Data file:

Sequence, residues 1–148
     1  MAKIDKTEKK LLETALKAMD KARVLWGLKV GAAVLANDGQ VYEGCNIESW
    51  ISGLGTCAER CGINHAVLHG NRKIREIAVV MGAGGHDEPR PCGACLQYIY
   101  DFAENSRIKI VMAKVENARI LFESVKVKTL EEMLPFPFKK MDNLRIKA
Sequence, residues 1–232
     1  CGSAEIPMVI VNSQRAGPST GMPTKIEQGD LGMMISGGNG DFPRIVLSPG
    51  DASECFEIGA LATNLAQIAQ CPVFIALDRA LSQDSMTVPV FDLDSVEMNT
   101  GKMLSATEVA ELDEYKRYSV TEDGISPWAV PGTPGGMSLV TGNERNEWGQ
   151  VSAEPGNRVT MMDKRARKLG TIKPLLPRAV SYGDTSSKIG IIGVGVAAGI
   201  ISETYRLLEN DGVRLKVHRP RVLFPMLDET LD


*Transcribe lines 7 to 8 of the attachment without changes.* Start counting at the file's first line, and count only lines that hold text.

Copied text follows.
    51  DASECFEIGA LATNLAQIAQ CPVFIALDRA LSQDSMTVPV FDLDSVEMNT
   101  GKMLSATEVA ELDEYKRYSV TEDGISPWAV PGTPGGMSLV TGNERNEWGQ